An oil pressure gauge is the main component that shows the driver what the oil pressure amount is while the engine is running. The oil is pumped out of the oil pan and throughout the engine. Once the oil passes across the oil pressure sending unit, the unit sends the proper pressure amount to the gauge. It's vital that the gauge is working properly at all times. A faulty gauge can cause serious engine problems if not caught in time. The sensor can be checked with a multimeter, but the gauge itself must be checked with a potentiometer.
Look over the vehicle's owner's manual in the oil pressure specifications section and make a note of the proper pressure amount, voltage and ohms.
Open the bonnet to the vehicle and secure it in place. Locate the oil pressure sending unit that's near the engine's oil filter. Grab the plastic clips of the wiring harness plug that hooks up to the sensor and unhook the plug from the sensor.
Crank the engine and let it run at idle speed. Hook the leads of the multimeter to the prongs inside of the wiring harness plug that connects to the sending unit sensor. Adjust the settings on the multimeter to the "Volts" section. Make a note of the readout on the multimeter. The readout should be near or the same as the "Volts" specifications in the owner's manual. If the readouts are wrong, it could mean faulty wiring or a faulty oil pressure gauge.
Turn off the engine and move the settings on the multimeter to the "ohms" setting. Make a note of the readout. The readout should be near or the same as the ohms specifications in the owner's manual. Unhook the leads from the wiring harness plug. If the readings are wrong, it could also mean faulty wiring or a faulty gauge.
Loosen and remove the oil pressure sending unit sensor from the engine with a ratchet and socket. Place the sensor in a safe area. Screw the hose end of the manual oil pressure gauge into the oil pressure sending unit sensor hole. Crank the engine and let it run at idle speed.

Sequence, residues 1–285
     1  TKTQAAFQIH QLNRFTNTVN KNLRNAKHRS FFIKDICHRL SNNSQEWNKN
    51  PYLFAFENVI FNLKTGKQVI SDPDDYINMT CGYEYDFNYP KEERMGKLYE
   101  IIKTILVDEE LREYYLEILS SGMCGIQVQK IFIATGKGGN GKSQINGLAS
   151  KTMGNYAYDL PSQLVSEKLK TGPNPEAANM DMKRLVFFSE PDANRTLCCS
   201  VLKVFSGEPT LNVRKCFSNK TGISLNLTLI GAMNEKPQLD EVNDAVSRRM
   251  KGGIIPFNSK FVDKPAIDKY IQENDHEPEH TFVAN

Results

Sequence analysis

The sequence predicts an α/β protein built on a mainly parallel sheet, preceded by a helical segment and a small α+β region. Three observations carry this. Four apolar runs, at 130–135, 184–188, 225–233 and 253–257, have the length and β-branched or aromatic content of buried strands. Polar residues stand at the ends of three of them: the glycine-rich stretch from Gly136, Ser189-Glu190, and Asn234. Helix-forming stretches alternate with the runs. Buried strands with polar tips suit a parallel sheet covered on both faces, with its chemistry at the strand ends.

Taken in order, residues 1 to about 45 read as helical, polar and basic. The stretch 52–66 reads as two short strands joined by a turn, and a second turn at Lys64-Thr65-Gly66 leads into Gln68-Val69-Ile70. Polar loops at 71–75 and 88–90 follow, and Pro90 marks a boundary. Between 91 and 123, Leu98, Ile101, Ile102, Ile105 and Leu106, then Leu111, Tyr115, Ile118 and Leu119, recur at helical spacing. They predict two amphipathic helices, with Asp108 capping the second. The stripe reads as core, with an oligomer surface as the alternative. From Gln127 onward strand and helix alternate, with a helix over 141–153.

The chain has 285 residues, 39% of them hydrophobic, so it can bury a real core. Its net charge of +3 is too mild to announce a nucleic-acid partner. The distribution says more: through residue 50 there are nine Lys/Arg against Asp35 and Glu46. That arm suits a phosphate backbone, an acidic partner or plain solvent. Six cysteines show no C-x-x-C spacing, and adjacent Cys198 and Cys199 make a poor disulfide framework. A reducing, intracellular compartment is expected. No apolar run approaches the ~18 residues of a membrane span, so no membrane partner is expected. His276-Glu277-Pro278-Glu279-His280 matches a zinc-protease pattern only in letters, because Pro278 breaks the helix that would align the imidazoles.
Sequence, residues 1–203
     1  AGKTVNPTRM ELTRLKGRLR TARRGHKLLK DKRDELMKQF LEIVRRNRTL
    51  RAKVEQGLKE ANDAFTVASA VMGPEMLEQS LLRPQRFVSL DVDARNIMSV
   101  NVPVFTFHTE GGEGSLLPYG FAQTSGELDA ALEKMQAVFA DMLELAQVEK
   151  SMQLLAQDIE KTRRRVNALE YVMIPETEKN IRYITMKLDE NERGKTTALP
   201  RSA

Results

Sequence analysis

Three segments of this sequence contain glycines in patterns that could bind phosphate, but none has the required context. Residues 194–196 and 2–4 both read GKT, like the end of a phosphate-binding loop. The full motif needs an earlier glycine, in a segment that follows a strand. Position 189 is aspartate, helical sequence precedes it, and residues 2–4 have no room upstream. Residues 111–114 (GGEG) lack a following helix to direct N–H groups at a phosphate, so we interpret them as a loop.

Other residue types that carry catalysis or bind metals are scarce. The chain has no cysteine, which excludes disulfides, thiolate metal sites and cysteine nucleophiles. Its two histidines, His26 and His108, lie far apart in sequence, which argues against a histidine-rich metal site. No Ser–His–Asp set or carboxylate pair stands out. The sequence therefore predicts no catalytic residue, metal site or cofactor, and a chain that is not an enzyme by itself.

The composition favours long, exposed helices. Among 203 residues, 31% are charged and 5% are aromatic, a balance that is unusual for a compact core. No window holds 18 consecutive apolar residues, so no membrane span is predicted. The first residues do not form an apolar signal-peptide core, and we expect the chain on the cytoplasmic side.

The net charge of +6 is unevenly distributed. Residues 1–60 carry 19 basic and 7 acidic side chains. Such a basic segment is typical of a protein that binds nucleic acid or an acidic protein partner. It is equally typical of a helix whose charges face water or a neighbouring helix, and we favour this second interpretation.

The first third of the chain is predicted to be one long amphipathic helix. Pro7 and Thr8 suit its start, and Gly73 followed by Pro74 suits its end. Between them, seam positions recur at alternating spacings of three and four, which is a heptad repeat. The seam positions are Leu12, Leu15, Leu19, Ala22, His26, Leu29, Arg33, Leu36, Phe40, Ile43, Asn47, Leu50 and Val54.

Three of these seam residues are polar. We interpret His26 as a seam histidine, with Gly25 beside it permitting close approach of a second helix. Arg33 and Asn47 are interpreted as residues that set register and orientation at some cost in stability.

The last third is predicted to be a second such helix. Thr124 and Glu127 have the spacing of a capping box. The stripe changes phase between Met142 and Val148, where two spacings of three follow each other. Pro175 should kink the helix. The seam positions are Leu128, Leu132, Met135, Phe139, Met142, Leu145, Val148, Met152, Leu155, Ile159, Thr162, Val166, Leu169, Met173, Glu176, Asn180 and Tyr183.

Make a note of the oil pressure amount on the manual oil pressure gauge and compare it to the oil pressure specifications in the owner's manual. The oil pressure amount should be near or the same as the specifications inside of the owner's manual. If the manual oil pressure gauge is reading out at the proper specifications but the oil pressure gauge inside of the vehicle isn't, the problem could be the sensor, wires or the oil pressure gauge. To check the dash gauge itself, remove all necessary components to get to the oil pressure gauge.
Hook the red positive lead of the multimeter to the hot wire on the back of the gauge. The hot wire is the only wire that will show voltage. Hold the black lead of the multimeter to one of the other wire connectors on the back of the gauge. Make a note of the multimeter reading. The multimeter reading should be the same or near the oil pressure gauge specifications inside of the manual. If not, the gauge is faulty.
The key is to ensure the readouts from the multimeter are the same or near the volts and ohms specifications inside of the owner's manual. The same volts and ohms specifications for the sending unit sensor, wiring harness and the gauge should all be the same or near the specs inside of the manual. The sending unit sensor and the wiring harness plug from the sending unit must be tested as part of the oil pressure gauge testing process. If you don't have the owner's manual for your vehicle, you can get a new manual at most any dealership for the specific make and model. If not, you can find a maintenance and repair manual for the make and model vehicle at most auto parts stores. The maintenance and repair manual also includes the proper oil specifications, voltage specifications and ohms specifications for the oil sending unit, wiring harness and the oil pressure gauge.
Do not continuously run the vehicle after the oil pressure gauge has stopped working. This can result in damage to the engine by not knowing what the oil pressure is.